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IMMEDIATELY after the account given by St. Matthew of the beginning of our Lord's ministry, (iv. 17,) he proceeds to tell us, that Jesus, walking by the sea of Galilee, after calling Simon Peter and his brother Andrew, "saw other two brethren, James the son of Zebedee (whose wife was Salome) and John his brother, in a ship with Zebedee their father, mending their nets; and he called them : and they immediately left the ship and their father, and followed him."

John therefore was with the Lord from the first, and had every opportunity of hearing him. He was one of the three (James his brother and Peter being the others) who were chosen to attend him on many particular occasions: they witnessed, for instance, his agony in the garden, and his transfiguration. He is also distinguished as "the disciple whom Jesus loved" whom he honoured with his particular confidence: so that, during the last supper, Peter suggests that he should be the person to ask who it was that "should betray him." To him,


too, from the cross, Jesus recommended the care of his surviving mother.

These circumstances give to the Gospel of St. John a particular interest. We cannot read it without perceiving that he wrote with a different object from the other three Evangelists. Many secret things, which they had very slightly touched upon, God has been pleased to reveal to us by the pen of St. John. We have much need to pray, and to pray earnestly, that "the God of our Lord Jesus Christ, the Father of glory, may give unto us the spirit of wisdom and revelation in the knowledge of him: the eyes of our understanding being enlightened; that we may know what is the hope of his calling, and what the riches of the glory of his inheritance. "1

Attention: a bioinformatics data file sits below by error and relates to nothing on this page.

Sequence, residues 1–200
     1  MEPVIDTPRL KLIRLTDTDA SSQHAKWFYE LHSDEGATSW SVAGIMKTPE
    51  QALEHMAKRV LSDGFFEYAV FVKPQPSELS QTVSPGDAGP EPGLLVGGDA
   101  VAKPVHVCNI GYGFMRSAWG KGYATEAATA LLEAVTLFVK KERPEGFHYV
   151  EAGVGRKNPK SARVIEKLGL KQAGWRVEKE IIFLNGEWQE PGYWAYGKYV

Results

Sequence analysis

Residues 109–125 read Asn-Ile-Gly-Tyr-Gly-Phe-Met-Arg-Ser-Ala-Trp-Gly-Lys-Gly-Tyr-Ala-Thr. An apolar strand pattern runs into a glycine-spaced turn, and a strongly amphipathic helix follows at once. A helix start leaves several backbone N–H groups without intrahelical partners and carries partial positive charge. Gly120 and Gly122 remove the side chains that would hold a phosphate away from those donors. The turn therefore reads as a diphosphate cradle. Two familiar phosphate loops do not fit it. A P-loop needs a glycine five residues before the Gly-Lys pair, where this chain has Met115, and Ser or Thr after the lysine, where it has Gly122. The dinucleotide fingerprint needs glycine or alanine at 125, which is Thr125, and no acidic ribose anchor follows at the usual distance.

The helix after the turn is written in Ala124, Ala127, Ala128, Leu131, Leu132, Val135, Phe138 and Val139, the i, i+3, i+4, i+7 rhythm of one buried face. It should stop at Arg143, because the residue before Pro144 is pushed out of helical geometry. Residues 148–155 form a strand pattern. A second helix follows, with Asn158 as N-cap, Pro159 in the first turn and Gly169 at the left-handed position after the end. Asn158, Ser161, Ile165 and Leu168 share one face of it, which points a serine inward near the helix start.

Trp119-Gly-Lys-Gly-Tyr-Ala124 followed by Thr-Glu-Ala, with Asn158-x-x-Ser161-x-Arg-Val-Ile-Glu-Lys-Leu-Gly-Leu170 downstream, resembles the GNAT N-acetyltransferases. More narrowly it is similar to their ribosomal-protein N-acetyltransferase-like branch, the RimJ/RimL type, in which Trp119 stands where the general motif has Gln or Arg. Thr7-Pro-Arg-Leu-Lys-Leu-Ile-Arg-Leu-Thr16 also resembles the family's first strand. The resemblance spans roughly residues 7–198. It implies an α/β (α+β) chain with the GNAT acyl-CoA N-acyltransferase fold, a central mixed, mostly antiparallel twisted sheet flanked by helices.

JOHN i. 1-3.

1. In the beginning was the Word, and the Word was with God, and the Word was God.

2. The same was in the beginning with God.

3. All things were made by him; and without him was not any thing made that was made.

The disciples of Christ had been already furnished, by the other writers of his history, with a sufficient account of his birth, and ministry, and the various circumstances of his life. These had described his miracles, had related his dis

1 Eph. i. 17, 18.

courses: not all he did, nor all that he said; but all that the Holy Spirit knew to be needful, that every sincere inquirer might be satisfied with truth, and instructed in doctrine: might possess all things" that pertain to life and godliness."

But it still remained to "show, WHO HE WAS, He was, who had said and done these things. They who believed in him, considered him to be the expected Messiah, the Son of God, the King of Israel. The apostles had from the first perceived and acknowledged this: "Thou art the Christ, the Son of the living God." But who, and of what nature, was THE CHRIST? Was he a created being, like the angel which appeared to Daniel and to Mary? And in what sense is that term to be understood, THE SON OF GOD? For even Adam is so called, as having had no earthly father. 2